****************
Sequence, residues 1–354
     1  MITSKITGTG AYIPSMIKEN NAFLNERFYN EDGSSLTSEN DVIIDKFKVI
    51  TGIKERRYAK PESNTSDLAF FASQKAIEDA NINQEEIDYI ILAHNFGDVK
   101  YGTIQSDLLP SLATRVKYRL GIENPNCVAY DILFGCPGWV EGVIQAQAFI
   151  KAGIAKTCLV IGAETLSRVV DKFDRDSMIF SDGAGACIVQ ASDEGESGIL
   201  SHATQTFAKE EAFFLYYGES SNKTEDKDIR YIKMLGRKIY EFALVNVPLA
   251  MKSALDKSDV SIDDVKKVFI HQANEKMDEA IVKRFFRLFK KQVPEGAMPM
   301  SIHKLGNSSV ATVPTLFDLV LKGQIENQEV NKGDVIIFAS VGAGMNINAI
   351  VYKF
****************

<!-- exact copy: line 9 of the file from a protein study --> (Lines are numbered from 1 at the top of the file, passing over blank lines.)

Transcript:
   351  VYKF